Unlike then, there are well-defined penal provisions to deal with illegal trade in human organs now

The police may have cracked down on illegal trade in kidneys but investigating officers can learn from what happened in the first such reported racket in the State in 1995.

Despite the huge hype then, the seven cases met didn’t even make it to trial as the Karnataka High Court, a full 17 years later in January 2012, discharged all the accused on the ground that there was “no prima case made out against accused persons in respect of any one of the offences alleged.”

Poor labourers

The Commercial Street police had then charged that four doctors — physicians, an anaesthetist and a surgeon — of a reputed hospital and a few middlemen had stolen the kidneys of poor labourers from Tamil Nadu and Karnataka on the pretext of treating them. They were charged under nine provisions of the Indian Penal Code (IPC).

However, the Court of Sessions itself in October 2005 had discharged them from the charges of causing grievous hurt, administering drug with the intent to cause hurt, robbery, falsification of accounts and for killing evidence, but had framed charges for criminal conspiracy, theft [of kidney], wrongful confinement, and criminal intimidation.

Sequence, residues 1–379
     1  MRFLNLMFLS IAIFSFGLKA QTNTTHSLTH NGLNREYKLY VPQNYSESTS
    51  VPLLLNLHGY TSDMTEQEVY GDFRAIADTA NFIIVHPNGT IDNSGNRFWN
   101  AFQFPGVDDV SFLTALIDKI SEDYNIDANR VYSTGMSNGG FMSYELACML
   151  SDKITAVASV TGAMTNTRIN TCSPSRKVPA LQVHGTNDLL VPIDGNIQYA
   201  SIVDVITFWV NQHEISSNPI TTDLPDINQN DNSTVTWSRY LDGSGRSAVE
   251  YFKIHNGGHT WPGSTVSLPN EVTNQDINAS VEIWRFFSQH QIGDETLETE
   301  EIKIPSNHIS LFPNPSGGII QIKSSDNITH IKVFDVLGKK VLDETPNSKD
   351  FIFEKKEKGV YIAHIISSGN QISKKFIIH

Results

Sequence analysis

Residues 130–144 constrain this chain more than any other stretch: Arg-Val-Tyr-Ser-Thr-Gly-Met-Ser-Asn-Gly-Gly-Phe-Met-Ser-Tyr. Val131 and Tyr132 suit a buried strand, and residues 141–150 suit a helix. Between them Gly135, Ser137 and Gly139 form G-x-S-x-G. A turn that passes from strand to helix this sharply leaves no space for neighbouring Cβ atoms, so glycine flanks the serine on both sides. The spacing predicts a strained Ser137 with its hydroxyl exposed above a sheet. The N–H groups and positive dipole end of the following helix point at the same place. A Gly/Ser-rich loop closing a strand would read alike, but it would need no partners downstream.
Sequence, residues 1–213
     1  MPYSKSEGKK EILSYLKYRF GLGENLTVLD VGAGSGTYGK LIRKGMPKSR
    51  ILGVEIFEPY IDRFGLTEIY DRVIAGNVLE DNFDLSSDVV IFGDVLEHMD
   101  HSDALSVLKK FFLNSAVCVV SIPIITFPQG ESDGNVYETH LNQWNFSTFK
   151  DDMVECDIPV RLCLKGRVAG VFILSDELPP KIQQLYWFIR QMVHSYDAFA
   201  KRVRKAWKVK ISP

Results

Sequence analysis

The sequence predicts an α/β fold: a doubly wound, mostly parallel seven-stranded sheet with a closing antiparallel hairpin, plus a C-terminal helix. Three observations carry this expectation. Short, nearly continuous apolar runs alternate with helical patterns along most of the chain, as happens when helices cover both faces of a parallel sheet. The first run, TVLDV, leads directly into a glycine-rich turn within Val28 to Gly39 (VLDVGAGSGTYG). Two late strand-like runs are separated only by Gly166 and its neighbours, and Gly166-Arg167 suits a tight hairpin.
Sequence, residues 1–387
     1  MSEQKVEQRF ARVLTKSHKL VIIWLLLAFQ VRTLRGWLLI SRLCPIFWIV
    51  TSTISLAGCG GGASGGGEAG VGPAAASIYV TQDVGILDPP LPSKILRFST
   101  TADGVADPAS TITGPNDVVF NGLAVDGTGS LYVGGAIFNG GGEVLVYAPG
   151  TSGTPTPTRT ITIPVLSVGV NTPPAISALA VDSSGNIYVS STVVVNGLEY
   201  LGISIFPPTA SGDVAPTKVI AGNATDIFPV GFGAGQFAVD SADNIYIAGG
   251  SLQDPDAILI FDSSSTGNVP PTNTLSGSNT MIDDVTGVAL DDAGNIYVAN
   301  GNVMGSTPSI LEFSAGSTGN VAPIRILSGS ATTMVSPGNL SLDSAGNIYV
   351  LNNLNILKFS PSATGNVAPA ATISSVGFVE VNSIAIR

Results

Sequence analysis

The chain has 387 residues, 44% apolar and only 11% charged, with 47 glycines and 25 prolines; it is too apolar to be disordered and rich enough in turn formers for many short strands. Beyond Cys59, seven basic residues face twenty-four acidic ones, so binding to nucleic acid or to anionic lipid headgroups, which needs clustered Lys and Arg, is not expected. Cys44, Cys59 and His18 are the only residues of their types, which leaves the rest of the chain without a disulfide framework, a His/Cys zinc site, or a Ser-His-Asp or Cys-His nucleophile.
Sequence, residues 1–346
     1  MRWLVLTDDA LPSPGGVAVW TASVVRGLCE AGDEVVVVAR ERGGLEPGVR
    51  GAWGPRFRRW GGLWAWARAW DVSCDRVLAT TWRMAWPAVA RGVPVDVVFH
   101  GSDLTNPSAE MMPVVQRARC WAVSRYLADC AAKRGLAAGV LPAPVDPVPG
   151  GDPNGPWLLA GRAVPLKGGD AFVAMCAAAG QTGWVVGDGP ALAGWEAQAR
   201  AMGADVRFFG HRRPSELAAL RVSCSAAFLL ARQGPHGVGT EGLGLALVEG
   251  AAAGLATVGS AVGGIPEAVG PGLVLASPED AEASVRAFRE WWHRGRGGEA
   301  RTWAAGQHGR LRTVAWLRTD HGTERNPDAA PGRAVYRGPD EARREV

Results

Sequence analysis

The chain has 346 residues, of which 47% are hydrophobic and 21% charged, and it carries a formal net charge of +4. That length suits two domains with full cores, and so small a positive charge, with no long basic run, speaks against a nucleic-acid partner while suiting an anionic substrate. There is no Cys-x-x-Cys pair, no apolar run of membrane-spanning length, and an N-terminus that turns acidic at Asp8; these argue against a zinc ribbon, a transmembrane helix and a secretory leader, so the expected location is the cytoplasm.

However, the High Court discharged them saying that each patient was paid money and, as tests were conducted on them before the kidney was removed, had held that “it can’t be said that the patients were unaware of the nature of operation” to establish that kidney was stolen from their body by administering drugs. Moreover, the High Court also found from the prosecution records that the patients had given their consent letter before surgery, and concluded that even if a trial was conducted it would a waste of time as all the accused could be acquitted in the light of these documents.

But unlike in 1995, the police are now equipped with some well-defined penal provisions under Transplantation of Human Organs Act (THOA) 1994, which prescribes punishment up to seven years, including for indulging in commercial dealings in human organs, apart from the provisions of the Indian Penal Code.

A former State Public Prosecutor pointed out that the Union Government enacted the THOA mid-1994, its provisions could not be employed then as the law was not notified for its implementation in Karnataka in 1995 when the police filed charge sheet.

He, however, said it would be useful for the Ramanagaram police to study the 1995 case before filing the charge sheet in the present case as it would go a long way to help them avoid same errors and plugging possible loopholes.